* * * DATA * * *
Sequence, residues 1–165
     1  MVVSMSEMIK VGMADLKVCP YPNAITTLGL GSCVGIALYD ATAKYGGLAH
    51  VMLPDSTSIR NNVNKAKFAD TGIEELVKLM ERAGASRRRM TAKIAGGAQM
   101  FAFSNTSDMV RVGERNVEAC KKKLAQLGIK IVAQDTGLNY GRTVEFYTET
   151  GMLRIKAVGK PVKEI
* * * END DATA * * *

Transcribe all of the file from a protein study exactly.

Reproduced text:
Sequence, residues 1–165
     1  MVVSMSEMIK VGMADLKVCP YPNAITTLGL GSCVGIALYD ATAKYGGLAH
    51  VMLPDSTSIR NNVNKAKFAD TGIEELVKLM ERAGASRRRM TAKIAGGAQM
   101  FAFSNTSDMV RVGERNVEAC KKKLAQLGIK IVAQDTGLNY GRTVEFYTET
   151  GMLRIKAVGK PVKEI